Best Sci-Fi RPG: Cyberpunk 2077

Cyberpunk 2077
What We Like
  • Huge amount of activities to complete and people to meet

  • Slick, exciting cyberpunk aesthetic feels like Blade Runner come to life

  • Expertly-designed by veteran RPG creators

What We Don't Like
  • The sheer amount of things to do can feel overwhelming

  • Adult content may not be everyone’s cup of tea

Just as developer CD Projekt RED did for fantasy with its colossal hit The Witcher 3: Wild Hunt, the outfit did the same for the world of sci-fi and the cyberpunk aesthetic with Cyberpunk 2077. Players descend upon the dystopian world of Night City, an open world divided into six different regions. As the customizable mercenary V, they can customize their body down to body type and cybernetic modifications as they explore different disciplines in hacking, weapon proficiency, and melee combat, all in a bid to tackle a variety of missions and objectives that will change depending on character class, back story, and alignments. Cyberpunk 2077 is a massive world teeming with personality on the cutting edge of technology, with a variety of cars, weapons, clothing, consumables, music, and even sexualities to experience. It's a tour-de-force in terms of what sci-fi is capable of, and a colossal undertaking for anyone looking for an excellent single-player RPG.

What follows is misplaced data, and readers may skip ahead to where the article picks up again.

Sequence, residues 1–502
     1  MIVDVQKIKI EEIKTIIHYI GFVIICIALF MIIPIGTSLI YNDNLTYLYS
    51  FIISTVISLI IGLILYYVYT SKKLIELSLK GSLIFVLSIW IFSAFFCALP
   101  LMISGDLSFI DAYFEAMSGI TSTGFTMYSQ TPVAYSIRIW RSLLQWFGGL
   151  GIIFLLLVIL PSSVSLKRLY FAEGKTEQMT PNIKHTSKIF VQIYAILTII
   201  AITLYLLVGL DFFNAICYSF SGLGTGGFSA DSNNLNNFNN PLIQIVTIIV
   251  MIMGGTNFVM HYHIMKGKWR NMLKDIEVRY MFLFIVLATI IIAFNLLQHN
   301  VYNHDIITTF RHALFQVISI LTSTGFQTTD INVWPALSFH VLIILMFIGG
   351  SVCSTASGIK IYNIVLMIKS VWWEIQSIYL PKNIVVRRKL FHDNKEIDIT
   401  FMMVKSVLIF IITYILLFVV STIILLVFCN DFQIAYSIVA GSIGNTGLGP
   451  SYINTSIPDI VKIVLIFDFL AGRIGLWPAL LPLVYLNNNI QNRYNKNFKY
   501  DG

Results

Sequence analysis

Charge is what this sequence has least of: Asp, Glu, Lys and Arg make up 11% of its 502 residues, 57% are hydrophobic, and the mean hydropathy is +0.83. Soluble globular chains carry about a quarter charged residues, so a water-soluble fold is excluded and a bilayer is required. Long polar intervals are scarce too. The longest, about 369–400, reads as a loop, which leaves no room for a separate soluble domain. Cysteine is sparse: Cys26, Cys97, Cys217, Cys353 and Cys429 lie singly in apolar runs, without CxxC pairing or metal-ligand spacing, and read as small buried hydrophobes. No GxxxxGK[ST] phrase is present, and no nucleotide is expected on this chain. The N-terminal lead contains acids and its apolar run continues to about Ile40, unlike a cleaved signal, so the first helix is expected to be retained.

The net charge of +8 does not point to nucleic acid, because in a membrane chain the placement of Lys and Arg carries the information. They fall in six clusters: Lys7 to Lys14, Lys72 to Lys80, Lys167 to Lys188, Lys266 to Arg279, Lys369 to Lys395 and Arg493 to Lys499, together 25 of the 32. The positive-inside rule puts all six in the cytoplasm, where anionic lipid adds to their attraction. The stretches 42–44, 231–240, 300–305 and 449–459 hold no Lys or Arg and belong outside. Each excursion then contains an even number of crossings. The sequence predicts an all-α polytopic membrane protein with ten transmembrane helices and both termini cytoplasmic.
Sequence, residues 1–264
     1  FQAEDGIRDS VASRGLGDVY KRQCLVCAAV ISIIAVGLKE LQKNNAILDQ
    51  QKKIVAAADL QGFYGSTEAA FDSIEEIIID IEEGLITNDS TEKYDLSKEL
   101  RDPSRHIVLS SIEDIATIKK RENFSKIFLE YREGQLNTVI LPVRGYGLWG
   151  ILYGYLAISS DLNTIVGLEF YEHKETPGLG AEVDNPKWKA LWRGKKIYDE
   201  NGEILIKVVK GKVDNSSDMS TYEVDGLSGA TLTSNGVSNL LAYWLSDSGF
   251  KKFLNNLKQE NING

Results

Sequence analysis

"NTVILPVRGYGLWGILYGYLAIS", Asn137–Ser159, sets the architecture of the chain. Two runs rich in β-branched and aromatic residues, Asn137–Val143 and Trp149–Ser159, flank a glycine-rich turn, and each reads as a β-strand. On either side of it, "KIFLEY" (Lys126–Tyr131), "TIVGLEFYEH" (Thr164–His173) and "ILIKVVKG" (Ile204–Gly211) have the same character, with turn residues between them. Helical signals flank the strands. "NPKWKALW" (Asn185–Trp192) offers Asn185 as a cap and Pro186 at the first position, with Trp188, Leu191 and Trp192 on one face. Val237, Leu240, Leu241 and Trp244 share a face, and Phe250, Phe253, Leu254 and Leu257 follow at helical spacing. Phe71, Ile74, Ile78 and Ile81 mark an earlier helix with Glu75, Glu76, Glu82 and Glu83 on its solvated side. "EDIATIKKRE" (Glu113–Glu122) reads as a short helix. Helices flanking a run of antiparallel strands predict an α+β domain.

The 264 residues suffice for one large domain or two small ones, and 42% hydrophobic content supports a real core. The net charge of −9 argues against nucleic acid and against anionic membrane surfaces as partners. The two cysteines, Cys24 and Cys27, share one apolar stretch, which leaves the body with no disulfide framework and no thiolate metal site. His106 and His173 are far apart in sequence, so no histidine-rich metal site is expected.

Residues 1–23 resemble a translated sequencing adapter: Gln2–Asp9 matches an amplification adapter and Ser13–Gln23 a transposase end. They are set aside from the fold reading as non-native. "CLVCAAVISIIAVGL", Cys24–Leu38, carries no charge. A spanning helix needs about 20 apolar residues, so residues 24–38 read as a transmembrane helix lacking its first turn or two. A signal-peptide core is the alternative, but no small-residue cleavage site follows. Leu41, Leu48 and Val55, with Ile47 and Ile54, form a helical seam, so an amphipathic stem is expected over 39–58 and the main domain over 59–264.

"As for the quality of the story itself, whatever path you choose is remarkably well written, and this quality of storytelling is probably the main highlight of the game, next to the insane graphical fidelity. It is well-acted, and some sequences are so well done that you can almost forget you’re playing a game, and it becomes more like an interactive movie." — Andy Zahn, Product Tester

Best Fantasy: Bethesda Elder Scrolls V: Skyrim

The Elder Scrolls V: Skyrim
What We Like
  • Spectacularly immersive living world

  • Stunning diversity of quests and storylines

  • Open, wildly customizable character progression

What We Don't Like
  • Sheer amount of content can be intimidating

The Elder Scrolls V: Skyrim is unparalleled in offering an immersive world that you can lose yourself to for countless hours. First released in 2011 for PC, Xbox 360, and PlayStation 3, The Elder Scrolls V: Skyrim continues to beguile fans around the world. Now available in a special remastered version for Xbox One, PlayStation 4, and the Nintendo Switch, there's a good reason why many have returned to it more than once: It's an all-time classic with an exciting setting and a never-ending amount of things to see and do.

You play the Dragonborn, someone whose destiny is to defeat ancient dragons and liberate the realm. It's standard RPG concepts but The Elder Scrolls V: Skyrim offers so much more than simple fantasy cliches. Vampires, trolls, and dragons stand in your way, and defeating them grants souls you can use for special powers and magic spells.